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Exhibitions | Galleries | Studios | Street Art | Art in Public Places | Ōtautahi Christchurch and Canterbury
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Canterbury Museum’s increasingly bold forays into hosting contemporary art are a welcome addition to the scene, and an exceptional example of that is Auckland-based Heather Straka’s Isolation Hotel in collaboration with SCAPE.

The immersive experience comes in two parts. Perhaps the most dramatic element is the stage set installation – in part something that has come with Straka’s experiences working on the 2020 TV mini-series The Luminaries.

It’s a theatrical space meant to evoke a 1930s European hotel lobby that has seen more glamorous days, now dilapidated and dark – an inversion of Wes Anderson’s The Grand Budapest Hotel with dashes of Sartre’s Huis Clos, Buñuel’s The Exterminating Angel, and Samuel Beckett.

It sits in pleasing proximity to the Museum’s Paua House attraction – itself a kind of stage set, the relocated and recreated eccentric dwelling of eccentric elderly Bluff couple Fred and Myrtle Flutey.

The public are invited to participate; co-playing guests, taking selfies, projecting a fantasy version of themselves out into the world in a subtle comment on the relationship between social media, existentialism, the imaginary and memory.

Guy Debord’s Society of the Spectacle has come to pass in the virtual Benjaminian arcades of Facebook, Twitter, and Instagram.

Surrounding this playful space, Straka’s lush, theatrically baroque photographs animate and provide context with their own enigmatic cast of characters – femmes fatales, exotic travellers, eccentrics and derelicts in the same hotel lobby set.

We don’t know who they are or why they’re here – like an Agatha Christie country house murder mystery.  Do they know each other? Are they fleeing something? Is this strange decaying space some kind of sanctuary floating aloof of space and time?

Possible narratives are kept ambiguous and open ended – the viewer is invited to make their own interpretations according to their own fancy, but certain threads assert themselves.

Some of the tableaux are drawn from the models’ like experiences and moments of cultural friction or parodies of stereotypes. There is Straka’s signature stylised eroticism and playfulness around gender and sexual identity, and pokes at political correctness and cancel culture.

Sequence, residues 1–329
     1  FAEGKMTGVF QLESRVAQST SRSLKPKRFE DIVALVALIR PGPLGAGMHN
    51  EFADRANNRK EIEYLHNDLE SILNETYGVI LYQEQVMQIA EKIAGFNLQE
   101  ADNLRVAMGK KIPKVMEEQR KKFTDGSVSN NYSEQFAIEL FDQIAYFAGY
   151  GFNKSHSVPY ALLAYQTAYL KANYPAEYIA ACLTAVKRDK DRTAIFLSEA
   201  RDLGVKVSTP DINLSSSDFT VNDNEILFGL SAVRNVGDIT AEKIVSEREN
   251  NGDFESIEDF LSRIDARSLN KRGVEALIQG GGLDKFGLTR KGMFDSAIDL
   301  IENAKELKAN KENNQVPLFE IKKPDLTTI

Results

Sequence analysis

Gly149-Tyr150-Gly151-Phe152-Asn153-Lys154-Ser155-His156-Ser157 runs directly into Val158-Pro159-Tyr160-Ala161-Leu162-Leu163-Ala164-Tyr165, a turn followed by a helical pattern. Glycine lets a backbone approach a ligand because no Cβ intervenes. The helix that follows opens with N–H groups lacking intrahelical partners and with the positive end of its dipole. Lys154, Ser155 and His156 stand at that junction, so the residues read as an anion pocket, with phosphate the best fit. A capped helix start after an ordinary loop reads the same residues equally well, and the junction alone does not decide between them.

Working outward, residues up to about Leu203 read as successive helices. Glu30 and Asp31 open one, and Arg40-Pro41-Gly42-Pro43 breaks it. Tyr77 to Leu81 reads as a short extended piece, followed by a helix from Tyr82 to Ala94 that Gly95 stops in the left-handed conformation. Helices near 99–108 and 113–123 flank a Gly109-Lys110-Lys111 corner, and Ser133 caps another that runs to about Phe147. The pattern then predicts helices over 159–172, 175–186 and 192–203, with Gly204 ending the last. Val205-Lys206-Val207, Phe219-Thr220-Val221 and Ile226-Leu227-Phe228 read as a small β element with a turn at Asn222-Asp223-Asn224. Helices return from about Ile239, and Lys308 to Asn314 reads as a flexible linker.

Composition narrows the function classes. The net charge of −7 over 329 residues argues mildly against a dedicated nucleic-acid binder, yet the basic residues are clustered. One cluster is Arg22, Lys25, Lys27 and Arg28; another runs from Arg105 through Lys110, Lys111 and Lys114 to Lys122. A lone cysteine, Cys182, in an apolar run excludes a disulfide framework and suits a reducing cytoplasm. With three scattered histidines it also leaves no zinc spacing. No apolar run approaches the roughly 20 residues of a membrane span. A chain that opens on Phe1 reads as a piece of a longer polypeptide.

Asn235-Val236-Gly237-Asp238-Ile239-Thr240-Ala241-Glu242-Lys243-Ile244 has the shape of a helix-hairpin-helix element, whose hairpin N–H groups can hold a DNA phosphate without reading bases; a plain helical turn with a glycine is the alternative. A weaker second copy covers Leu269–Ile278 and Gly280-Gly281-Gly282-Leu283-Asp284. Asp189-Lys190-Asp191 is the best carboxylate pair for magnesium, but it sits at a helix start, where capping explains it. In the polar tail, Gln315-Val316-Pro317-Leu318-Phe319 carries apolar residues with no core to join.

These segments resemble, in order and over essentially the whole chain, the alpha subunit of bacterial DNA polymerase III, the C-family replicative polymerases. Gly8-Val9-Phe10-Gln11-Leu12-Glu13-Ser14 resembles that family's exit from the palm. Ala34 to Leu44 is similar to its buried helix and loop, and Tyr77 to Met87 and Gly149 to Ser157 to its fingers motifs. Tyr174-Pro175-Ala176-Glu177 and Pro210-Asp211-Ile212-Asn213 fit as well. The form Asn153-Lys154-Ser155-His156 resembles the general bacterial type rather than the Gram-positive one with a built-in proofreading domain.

A dominant theme is home and the occupation of liminal spaces – homelessness, MIQ, transience, immigration, and colonialism.  In one striking image Straka enacts her own funeral in the manner of Victorian post-mortem photography, cocking a snook at criticism and perhaps a distant echo of Abel Azcona’s controversial Death of the Artist performance pieces in 2018.

Isolation Hotel is an extraordinary achievement, and Canterbury Museum will continue to activate the site in different ways with the calendar.


Isolation Hotel:  Activities, Entertainment and Events in February.

Guest curator and artist Audrey Baldwin brings Isolation Hotel to life with a unique accompanying programme detailed below and also see: 

  • Friday 4 and Saturday 5 February:  Award winning sci-fi writer A. J. Fitzwater as pop-up artist in residence, featuring a lunchtime discussion with Paul Scofield on moa bones and how they play a part in Fitzwater's current work.
  • Thursday 10 February: Life drawing with artist Hannah Beehre, ticketed evening, $15.00
  • Sunday 13 February:  FIKA and friends response in word to Isolation Hotel (free)
  • Thursday 17 February:  One Night Stand Poetry event curated and MCed by Ray Shipley with Pop up bar by Punky Brewster, R18, $20.00
  • 21 February – 6 March:Immigrant Journeys.  Videos screening within the exhibition.  A project by the Lady Khadija Trust showcasing immigrants stories, as well as two weekend events led by migrant communities and a discussion on Peace.



Heather Straka, Isolation Hotel

Canterbury Museum, 11 Rolleston Avenue
27 November 2021 – 20 March 2022



  1. Heather Straka, Bitch, Image courtesy of Heather Straka


Heather Straka’s Isolation Hotel at Canterbury Museum

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